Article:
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Paying for Online Privacy

Indeed, many consumers do not even check Web site privacy policies when they divulge their sensitive personally identifiable information. Yet, according to a recent report, when consumers are given a specific choice, many may actually pay more money during a transaction in return for privacy protection.

The report, prepared by Lorrie Cranor, who directs the Carnegie Mellon Usable Privacy and Security Labs, documents that consumers would pay an extra 60 cents for privacy protection on purchases of $15. Cranor came to this result by way of a hypothetical experiment.

In the experiment, participants were asked to buy a set of batteries and a sex toy. The sex toy was added into the mix to ascertain whether consumers might take extra steps to protect their personally identifiable information as part of this sensitive transaction. Interestingly, when participants had the option of making these purchases from a site that clearly posted its privacy policy and another that did not do so, they were inclined to pay a bit more to go with the site that plainly set forth its privacy policy.

Interesting piece of human behavior. It seems if we are told about privacy we respond and are inclined to even pay EXTRA for privacy protection but I wonder what happens when consumers roam free... do you read who your information is being shared with? sold to? Probably not. I found it amusing that a sex toy brought more concerns about privacy, of course some people might be a bit more hesitant to have a labeled box containing one to their door, the risks of buying a sex toy and anything else really wouldnt be very different in terms of keeping your information private.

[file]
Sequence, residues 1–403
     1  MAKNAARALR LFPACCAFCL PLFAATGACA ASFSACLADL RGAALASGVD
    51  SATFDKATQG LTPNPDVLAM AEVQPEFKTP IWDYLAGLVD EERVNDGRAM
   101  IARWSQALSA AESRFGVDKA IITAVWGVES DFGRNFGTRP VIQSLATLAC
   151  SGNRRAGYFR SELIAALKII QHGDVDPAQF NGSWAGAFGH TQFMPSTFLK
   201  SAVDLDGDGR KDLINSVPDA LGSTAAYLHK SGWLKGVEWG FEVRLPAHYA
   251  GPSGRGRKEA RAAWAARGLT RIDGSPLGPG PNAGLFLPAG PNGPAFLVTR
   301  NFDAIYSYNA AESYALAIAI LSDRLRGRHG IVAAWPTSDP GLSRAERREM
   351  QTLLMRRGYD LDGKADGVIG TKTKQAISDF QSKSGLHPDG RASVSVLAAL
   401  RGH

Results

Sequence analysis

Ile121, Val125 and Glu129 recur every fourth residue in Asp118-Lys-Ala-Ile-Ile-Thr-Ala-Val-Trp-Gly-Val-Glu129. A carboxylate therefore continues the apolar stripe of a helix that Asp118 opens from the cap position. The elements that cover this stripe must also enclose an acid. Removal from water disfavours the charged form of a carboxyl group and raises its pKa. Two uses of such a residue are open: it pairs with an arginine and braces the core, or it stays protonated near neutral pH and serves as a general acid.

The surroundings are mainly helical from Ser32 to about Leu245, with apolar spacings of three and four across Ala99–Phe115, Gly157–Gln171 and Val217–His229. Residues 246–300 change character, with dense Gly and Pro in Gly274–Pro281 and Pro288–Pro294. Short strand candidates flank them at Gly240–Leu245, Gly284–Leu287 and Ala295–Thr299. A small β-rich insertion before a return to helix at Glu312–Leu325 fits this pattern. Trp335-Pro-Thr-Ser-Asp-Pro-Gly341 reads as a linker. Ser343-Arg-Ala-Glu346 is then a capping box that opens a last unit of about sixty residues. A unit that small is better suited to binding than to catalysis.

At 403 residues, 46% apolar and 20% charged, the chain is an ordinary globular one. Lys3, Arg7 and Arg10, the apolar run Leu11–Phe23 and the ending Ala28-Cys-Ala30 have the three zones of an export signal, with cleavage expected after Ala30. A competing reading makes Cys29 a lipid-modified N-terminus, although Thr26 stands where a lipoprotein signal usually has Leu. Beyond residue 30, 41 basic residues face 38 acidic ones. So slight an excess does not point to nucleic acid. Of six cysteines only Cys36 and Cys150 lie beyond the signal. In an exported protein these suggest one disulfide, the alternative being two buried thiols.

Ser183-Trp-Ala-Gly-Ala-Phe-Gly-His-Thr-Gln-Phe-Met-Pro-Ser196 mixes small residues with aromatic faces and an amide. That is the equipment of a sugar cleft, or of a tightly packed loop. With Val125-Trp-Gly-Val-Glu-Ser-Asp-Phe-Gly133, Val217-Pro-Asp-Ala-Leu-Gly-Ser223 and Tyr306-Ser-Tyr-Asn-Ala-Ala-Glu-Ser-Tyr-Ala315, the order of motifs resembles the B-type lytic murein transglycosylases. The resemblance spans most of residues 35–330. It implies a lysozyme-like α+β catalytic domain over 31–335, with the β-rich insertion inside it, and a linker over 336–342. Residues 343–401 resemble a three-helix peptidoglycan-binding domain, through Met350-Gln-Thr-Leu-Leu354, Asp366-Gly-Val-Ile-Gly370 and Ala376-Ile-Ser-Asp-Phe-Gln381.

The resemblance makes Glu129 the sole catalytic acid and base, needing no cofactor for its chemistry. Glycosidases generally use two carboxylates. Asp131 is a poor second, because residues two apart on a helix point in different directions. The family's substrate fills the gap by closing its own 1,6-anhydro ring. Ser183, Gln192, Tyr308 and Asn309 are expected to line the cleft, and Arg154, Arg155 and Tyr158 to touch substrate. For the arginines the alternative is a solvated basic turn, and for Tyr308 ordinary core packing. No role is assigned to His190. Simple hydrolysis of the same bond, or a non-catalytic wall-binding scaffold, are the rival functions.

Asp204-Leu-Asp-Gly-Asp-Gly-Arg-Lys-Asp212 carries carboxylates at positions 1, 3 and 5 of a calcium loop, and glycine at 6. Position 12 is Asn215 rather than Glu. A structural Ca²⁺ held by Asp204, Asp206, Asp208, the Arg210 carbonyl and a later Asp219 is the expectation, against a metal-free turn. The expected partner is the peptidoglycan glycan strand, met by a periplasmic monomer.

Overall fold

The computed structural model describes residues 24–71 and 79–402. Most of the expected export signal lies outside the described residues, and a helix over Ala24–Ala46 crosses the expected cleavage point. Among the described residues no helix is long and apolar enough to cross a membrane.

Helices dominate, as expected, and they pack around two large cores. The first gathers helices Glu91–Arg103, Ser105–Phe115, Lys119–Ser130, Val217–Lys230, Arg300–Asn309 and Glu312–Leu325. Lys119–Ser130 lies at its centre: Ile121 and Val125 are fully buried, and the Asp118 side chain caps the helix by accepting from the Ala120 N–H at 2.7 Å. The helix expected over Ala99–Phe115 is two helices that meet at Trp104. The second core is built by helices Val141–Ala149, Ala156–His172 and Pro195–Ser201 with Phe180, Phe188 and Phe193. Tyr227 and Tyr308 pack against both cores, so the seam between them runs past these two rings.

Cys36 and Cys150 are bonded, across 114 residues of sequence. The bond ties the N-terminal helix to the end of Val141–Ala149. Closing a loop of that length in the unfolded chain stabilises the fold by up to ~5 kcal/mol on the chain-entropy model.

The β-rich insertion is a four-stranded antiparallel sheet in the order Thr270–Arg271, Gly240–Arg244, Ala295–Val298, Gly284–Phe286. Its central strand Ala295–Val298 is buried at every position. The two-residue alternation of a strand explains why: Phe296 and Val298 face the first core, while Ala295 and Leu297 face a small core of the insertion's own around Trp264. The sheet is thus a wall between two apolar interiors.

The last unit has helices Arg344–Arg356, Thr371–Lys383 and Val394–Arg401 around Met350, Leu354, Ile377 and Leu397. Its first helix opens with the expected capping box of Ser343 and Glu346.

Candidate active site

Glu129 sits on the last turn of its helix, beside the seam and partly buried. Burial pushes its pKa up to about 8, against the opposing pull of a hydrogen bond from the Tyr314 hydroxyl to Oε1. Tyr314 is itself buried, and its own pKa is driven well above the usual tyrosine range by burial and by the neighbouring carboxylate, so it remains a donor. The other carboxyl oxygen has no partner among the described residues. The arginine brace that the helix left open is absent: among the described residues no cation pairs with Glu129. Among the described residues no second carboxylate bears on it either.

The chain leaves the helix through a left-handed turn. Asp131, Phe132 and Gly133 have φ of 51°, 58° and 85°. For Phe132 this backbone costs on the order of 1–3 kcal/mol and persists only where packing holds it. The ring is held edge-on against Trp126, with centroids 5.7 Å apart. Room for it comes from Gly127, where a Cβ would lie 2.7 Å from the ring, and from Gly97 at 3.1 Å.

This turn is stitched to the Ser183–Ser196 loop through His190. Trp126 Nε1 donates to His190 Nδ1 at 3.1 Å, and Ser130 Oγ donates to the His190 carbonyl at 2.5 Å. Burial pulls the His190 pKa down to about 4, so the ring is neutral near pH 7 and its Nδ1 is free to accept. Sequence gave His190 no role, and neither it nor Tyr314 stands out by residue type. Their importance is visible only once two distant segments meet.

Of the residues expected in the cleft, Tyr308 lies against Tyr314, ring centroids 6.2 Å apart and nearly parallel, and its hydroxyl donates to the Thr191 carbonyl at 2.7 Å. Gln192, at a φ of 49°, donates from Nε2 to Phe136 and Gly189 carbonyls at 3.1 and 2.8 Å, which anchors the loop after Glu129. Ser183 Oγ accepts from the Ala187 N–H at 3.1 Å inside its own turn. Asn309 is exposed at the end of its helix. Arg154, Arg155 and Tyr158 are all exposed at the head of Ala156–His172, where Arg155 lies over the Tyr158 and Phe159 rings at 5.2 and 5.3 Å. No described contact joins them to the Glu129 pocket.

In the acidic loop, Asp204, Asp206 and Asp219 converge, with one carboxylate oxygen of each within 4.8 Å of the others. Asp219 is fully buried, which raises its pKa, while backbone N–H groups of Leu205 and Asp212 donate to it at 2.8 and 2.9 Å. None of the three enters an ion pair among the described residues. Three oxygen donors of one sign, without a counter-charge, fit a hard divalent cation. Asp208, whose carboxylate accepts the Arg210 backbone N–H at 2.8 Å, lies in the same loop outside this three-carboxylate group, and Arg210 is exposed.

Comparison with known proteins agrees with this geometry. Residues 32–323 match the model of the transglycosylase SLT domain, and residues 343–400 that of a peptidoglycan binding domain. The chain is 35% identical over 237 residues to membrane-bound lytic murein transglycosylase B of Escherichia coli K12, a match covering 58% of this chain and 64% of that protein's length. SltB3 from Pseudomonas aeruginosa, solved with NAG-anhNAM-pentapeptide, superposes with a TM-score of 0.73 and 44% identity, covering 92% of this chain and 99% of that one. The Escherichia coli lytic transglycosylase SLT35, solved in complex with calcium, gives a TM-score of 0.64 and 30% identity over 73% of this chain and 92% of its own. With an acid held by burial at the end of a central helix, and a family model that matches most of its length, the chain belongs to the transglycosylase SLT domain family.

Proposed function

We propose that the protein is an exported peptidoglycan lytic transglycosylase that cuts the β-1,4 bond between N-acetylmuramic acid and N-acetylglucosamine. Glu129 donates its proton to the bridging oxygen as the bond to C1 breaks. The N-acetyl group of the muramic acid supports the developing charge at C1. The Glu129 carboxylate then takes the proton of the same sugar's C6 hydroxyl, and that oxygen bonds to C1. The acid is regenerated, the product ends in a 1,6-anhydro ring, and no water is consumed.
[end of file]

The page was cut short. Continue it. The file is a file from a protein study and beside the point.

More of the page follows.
These pieces always fascinate me, but how well do they translate over into practical solutions and behavior modification? Often it seems like not much, maybe on a perfect internet your information would never be shared, sold or distributed to any other source, your email could be freely shared as no spam was around... but I am dreaming :)

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